A State Ethics commission is not a partisan project, and one of the loudest organizational voices calling for its formation has been the New Mexico League of Women Voters. I spoke with Meredith Machen, President of New Mexico’s League about their efforts to bring ethics into politics

House leaders have called for the resignation of Secretary of State Dianna Duran based on allegations she embezzled money to feed her gambling habit. As the voices grow stronger for Duran to step down, so do the voices wanting an Ethics Commission. Today we continue to look at the state’s need for an Ethics Commission, the efforts that have been made to create one.

John Calef presents Santa Fe Local News at Noon

During summer recess in Congress our elected officials have been coming home and getting a sense of issues on the ground. We caught up with Third District Congressman Ben Ray Lujan and in the first of a two-part interview, asked him about some of the current issues he’s working on for New Mexicans.

As the allegations against Secretary Duran are being discussed nationwide, here in New Mexico we’re also discussing our lack of an ethics commission. We are one of only eight states which does not have such a commission, despite efforts on the part of some state representatives to create one. Paul Biderman served five years as Director of the Institute of Public Law and research faculty at UNM’s school of Law, and conducts ethics trainings for public officials across the state, including for Commissioners of the PRC. He’s joins us live today to discuss ethics in New Mexico.

New Mexico Attorney General Hector Balderas on Friday filed a 64 count complaint against Secretary of State Dianna Duran accusing her of embezzling and laundering money. The complaint alleges that Duran, who was reelected to her post in the last election 2014, used government funds to feed her gambling habits.  . Secretary Duran has not yet responded to the allegations. We asked Maggie Toulouse Oliver, who unsuccessfully ran for the post, to describe the functioning of the office and its vital responsibilities to New Mexico.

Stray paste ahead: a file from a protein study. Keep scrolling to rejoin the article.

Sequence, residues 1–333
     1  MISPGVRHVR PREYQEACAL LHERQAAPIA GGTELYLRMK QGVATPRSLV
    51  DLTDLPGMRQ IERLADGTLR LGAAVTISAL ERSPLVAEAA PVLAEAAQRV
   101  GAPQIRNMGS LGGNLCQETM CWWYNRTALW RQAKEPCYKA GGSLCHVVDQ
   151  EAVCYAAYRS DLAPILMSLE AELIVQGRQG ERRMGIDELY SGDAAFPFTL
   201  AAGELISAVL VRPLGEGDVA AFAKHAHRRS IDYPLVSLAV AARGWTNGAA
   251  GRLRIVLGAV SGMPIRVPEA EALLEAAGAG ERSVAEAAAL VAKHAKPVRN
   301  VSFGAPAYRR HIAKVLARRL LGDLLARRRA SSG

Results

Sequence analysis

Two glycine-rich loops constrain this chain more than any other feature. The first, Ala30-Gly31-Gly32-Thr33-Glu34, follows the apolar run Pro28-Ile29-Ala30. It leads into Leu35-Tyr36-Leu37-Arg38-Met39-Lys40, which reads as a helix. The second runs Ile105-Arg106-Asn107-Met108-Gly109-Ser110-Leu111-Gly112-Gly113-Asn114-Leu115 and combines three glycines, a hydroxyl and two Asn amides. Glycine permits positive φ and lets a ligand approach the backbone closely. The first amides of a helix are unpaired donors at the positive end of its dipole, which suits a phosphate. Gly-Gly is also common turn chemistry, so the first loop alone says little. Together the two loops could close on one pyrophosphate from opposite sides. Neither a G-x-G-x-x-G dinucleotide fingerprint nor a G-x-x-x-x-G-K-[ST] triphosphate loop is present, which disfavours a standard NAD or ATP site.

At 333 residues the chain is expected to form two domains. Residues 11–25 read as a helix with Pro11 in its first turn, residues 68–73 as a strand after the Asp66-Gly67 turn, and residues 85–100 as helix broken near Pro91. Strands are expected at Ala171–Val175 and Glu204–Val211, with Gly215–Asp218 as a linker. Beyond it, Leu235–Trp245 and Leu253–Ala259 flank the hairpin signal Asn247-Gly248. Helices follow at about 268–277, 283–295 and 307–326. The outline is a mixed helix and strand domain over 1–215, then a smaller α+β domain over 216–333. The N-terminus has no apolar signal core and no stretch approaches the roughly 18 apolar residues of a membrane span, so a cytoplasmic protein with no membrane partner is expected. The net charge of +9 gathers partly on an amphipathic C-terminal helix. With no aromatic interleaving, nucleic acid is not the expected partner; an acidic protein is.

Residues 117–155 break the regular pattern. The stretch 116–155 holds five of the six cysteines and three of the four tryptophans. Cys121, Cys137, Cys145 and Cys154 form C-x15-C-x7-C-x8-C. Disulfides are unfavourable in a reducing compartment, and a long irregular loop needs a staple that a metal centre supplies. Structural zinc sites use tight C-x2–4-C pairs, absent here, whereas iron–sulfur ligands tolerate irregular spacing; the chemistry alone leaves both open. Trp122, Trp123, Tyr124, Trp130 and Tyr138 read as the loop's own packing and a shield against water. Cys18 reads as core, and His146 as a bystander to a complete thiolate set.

Santa Fe Local News at Noon presented by John Calef

Thursday night was the final concert of Santa Fe’s incredibly popular Bandstand concert series featuring local and national musical acts throughout the summer.

KSFR's Zelie Pollon was there to see the curtain close for one more year.

It has been anything but a quiet summer for the SF county board of county commissioners as they have dealt with several high profile and politically controversial issues. 

A resolution passed on Tuesday evening by the Santa Fe County Board of Commissions said it would not give money for the construction of a water system in the Pojoaque valley until the legal haggling over country roads is settled with San Ildelfonso Pueblo.

Mayor Gonzales said the city faces a 12 to 15 million dollar budget shortfall. Where and what he'll have to cut to make up for the deficit is still unknown. KSFR's Tom Trowbridge speaks with Mayor Gonzales.

Santa Fe State Senator Peter Wirth says he will sponsor a proposed constitutional amendment to reform the state's bail system, which he calls "broken." Wirth, a member of the Senate Judiciary Committee, says his bill will be introduced during the 2015 30-day session of the State Legislature. The Democrat's proposal puts forward two key reforms, one of which would allow judges to deny bail before trial for the most high-risk, dangerous defendants.

John Calef presents Santa Fe Local News at Noon

Small companies in the city different have the opportunity to get a boost thanks to an upcoming event hosted by the Santa Fe Businesses Incubator.  The next Eureka Effect event in coming up in September, and KSFR’s John Calef has the details.  

Yesterday in Virginia a journalist and cameraman were shot while broadcasting live from a strip mall in the town of Moneta near Roanoke, Virginia. The gunman appeared to be a disgruntled colleague who was recently fired. While such extreme events are rare for journalists in America, there are consistent dangers that we face every day. I spoke with Rory McClanahan, board president of the New Mexico Press Association and editor of the Mountain View Telegraph about some of what New Mexico journalists face.

  The New Mexico Department of Game and Fish meets at Santa Fe Community College later this morning. On the agenda are efforts to increase by 25 percent the number of bears hunters can kill annually, easing the rules for trapping cougars on private lands, and expanding cougar trapping to millions of acres of state trust lands. The cougar changes would discontinue a requirement that hunters get a special permit to use traps or foot snares to snag cougars on private land. The proposed changes have drawn opposition from animal rights groups.

John Calef presents Santa Fe Local news at Noon

On Monday President Obama announced a set of executive actions to accelerate the country's transition to cleaner sources of energy and ways to cut energy waste. According to the White House announcement one of the purposes is to continue to expand opportunities to install energy saving technologies today, particularly those homes that need it most.

Freedom of information has been in the news a lot lately, with an injunction against the Santa Fe New Mexican to prohibit information from being published. This among many attempts to keep journalists from accessing information. On Monday in Santa Fe was a presentation about Open Government. I spoke with Greg Williams, the President of the board of the New Mexico Foundation for Open Government.